Photo courtesy of ##http://www.activetrans.org/##Active Transportation Alliance##

According to the CDC’s survey, people of color are also more willing than white people to take civic action on neighborhood issues. It found that 58.8 percent of blacks said they were willing to write letters to elected officials about neighborhood livability issues, as well as 47.8 percent of Hispanics. Only 36.7 percent of whites were willing to write letters, though more of them were willing to pay more property taxes for better neighborhood design. Blacks were less willing to do that – but 6.3 percent of them (and 5.8 percent of Hispanics) were interested in running for office to support neighborhood improvements. Only 3.2 percent of whites were willing to go that far.

So if people of color are ready and willing to take action, why aren’t they prominent actors in most livability-focused organizations?

“We targeted five communities along Chicago’s west side,” Hernandez says. “And when we started this work, they were all pretty hesitant. At the time, we were the Chicagoland Bicycle Federation, so it sounded like some cycling club.”

But it wasn’t just the name change that helped build trust and partnership with these groups. Active Trans went to community members where they were – at PTA meetings and block parties – and engaged them on the issues that were important to them. They realized that violence, or the perception of violence, was at least as significant a barrier as traffic in encouraging community members to use parks and go outside. They partnered with them on issues like housing access and jobs. And they linked all of these issues back to changes in the built environment that would improve their quality of life. “Now we have African-American and Latino community-based organizations going to their councilmen and alderman and asking for bicycle and pedestrian improvements,” says Hernandez.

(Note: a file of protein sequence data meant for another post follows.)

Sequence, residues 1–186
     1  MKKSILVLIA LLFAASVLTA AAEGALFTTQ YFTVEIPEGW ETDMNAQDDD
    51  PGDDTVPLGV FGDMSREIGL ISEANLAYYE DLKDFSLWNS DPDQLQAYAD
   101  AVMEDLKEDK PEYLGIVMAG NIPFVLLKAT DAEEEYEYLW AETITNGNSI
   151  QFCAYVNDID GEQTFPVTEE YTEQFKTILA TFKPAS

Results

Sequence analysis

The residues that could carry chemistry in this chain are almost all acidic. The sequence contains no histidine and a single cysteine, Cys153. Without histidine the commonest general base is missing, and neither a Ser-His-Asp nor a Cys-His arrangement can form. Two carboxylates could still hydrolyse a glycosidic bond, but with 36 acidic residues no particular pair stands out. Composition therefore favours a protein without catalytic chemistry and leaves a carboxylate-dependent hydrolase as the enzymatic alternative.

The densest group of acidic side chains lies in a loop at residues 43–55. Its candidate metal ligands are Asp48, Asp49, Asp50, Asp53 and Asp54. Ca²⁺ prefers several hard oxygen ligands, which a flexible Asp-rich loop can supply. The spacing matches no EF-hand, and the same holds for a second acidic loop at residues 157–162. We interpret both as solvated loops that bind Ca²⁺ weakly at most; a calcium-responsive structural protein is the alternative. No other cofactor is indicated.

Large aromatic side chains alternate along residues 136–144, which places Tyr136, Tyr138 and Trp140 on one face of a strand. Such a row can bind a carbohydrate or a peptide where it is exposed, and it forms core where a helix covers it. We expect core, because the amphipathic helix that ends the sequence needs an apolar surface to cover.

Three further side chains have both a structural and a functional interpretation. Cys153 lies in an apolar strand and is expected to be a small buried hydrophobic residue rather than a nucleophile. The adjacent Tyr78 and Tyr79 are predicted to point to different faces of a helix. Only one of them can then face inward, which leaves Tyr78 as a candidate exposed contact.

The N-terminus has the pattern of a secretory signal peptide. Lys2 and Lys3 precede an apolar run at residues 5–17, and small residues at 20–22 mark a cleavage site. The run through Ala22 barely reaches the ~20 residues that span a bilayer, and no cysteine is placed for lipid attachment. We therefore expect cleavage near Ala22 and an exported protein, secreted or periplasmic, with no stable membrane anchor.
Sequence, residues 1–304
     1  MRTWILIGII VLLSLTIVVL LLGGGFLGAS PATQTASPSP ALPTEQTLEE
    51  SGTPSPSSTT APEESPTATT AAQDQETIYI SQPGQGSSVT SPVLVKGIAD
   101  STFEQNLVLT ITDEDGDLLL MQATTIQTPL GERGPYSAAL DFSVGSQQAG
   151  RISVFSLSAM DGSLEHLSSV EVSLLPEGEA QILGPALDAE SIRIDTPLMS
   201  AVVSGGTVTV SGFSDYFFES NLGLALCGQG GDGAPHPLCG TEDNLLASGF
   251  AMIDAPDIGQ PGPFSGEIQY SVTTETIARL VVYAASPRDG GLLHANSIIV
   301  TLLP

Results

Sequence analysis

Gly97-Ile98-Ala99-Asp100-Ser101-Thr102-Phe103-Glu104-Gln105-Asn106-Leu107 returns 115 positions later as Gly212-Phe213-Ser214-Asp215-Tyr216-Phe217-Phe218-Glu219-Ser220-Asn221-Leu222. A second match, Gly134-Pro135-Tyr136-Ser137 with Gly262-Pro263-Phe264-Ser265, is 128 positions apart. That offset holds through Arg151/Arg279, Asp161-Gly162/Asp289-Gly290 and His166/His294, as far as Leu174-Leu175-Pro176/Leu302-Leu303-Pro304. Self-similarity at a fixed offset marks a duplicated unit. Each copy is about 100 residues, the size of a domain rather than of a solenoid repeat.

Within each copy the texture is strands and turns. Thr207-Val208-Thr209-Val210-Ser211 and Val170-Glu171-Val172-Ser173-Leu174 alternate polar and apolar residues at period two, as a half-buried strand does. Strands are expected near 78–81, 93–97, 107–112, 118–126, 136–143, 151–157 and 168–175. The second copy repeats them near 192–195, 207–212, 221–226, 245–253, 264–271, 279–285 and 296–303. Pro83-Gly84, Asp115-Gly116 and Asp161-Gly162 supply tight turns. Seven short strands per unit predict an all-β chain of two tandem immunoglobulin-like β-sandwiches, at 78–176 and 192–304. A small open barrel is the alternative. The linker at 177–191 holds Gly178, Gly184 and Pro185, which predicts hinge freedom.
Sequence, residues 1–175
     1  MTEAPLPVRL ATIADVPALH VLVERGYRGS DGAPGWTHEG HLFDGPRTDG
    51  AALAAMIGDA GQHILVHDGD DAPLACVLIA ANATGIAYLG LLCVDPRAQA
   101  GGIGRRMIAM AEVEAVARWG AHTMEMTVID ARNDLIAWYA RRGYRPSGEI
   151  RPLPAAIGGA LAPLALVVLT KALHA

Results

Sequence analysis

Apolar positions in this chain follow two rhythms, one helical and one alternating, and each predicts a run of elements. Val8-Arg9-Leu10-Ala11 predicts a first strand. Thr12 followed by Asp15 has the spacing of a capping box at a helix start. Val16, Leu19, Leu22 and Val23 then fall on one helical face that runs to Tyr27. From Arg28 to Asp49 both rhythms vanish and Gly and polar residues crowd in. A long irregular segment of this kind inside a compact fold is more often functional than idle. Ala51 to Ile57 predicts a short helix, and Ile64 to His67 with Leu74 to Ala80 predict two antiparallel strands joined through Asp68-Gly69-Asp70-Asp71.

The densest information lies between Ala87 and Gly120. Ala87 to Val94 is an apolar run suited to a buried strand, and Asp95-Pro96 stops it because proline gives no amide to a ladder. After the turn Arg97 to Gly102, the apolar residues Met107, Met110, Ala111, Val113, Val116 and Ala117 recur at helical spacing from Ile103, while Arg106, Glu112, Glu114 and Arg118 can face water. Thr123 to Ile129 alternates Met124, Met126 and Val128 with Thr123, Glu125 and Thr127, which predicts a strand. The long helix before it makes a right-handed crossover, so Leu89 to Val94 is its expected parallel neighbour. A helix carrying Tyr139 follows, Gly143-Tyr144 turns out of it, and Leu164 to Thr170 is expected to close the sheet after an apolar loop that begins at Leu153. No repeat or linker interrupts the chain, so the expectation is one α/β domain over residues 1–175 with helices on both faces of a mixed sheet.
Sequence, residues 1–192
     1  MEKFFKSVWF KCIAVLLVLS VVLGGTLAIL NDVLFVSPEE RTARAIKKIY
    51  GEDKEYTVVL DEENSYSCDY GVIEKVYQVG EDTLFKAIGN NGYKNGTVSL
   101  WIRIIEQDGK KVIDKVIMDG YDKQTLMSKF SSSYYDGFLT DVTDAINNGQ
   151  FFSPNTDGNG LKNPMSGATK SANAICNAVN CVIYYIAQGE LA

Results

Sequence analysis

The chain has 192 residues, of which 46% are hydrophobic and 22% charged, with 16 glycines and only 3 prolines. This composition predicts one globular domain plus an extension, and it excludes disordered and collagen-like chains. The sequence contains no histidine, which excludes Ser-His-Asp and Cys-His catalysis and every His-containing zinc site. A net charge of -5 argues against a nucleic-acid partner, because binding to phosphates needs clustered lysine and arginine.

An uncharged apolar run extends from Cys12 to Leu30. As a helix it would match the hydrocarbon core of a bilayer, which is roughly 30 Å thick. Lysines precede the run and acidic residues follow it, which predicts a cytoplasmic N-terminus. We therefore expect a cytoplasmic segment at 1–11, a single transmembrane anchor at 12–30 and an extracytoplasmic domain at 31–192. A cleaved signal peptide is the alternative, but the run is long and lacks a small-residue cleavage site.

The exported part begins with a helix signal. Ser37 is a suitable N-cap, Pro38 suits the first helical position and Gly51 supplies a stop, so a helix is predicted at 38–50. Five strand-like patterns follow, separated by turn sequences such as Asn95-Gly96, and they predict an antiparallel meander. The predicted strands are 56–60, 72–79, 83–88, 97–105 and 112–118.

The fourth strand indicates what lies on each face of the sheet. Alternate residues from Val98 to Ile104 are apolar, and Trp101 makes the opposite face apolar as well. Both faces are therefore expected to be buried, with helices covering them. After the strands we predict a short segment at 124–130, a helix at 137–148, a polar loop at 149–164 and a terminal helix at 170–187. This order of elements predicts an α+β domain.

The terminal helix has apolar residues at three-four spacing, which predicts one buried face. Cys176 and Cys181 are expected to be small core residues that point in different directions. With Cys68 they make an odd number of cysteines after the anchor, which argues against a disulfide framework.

The CDC study is an interesting document, but more than that, it’s a wake-up call for livability advocates who need to do a better job of reaching out to people of color.

  • butters

    Great article, Tanya.

  • MRN

    Overall, about 57 percent of adults said these neighborhood features were very important – but people of color placed far greater importance on those factors in the built environment than the white people surveyed. In fact, 50.5 percent of black respondents and 40.6 percent of Hispanic respondents said neighborhood features were “very important” in determining their level of physical activity. Only 26.9 percent of the white people surveyed gave that answer.

    There’s a serious problem with the math here.

  • Tanya Snyder

    Oops! Good eye, MRN! I updated the post – 57% said “moderately” or “very” important. The CDC’s intro called that “highly” important, which I mis-translated as “very.”

  • Deb

    Super article, very important information here. I am going to share this with a lot of activist.

  • Adam

    As much as a lot of inner city community leaders scoff at stuff like this, part of our goal, in my opinion, is to create diverse middle class neighborhoods where people of all economic stripes can meet to discuss things.

  • Jacob

    Ehhh.

  • Ethan